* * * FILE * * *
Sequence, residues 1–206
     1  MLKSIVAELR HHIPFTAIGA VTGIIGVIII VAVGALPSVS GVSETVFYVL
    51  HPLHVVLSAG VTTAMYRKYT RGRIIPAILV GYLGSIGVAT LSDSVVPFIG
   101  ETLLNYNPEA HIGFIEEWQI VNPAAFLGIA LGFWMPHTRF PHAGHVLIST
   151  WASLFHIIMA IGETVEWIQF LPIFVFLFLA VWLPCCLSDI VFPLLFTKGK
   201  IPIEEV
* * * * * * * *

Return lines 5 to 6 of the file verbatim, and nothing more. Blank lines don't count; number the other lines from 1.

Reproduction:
   151  WASLFHIIMA IGETVEWIQF LPIFVFLFLA VWLPCCLSDI VFPLLFTKGK
   201  IPIEEV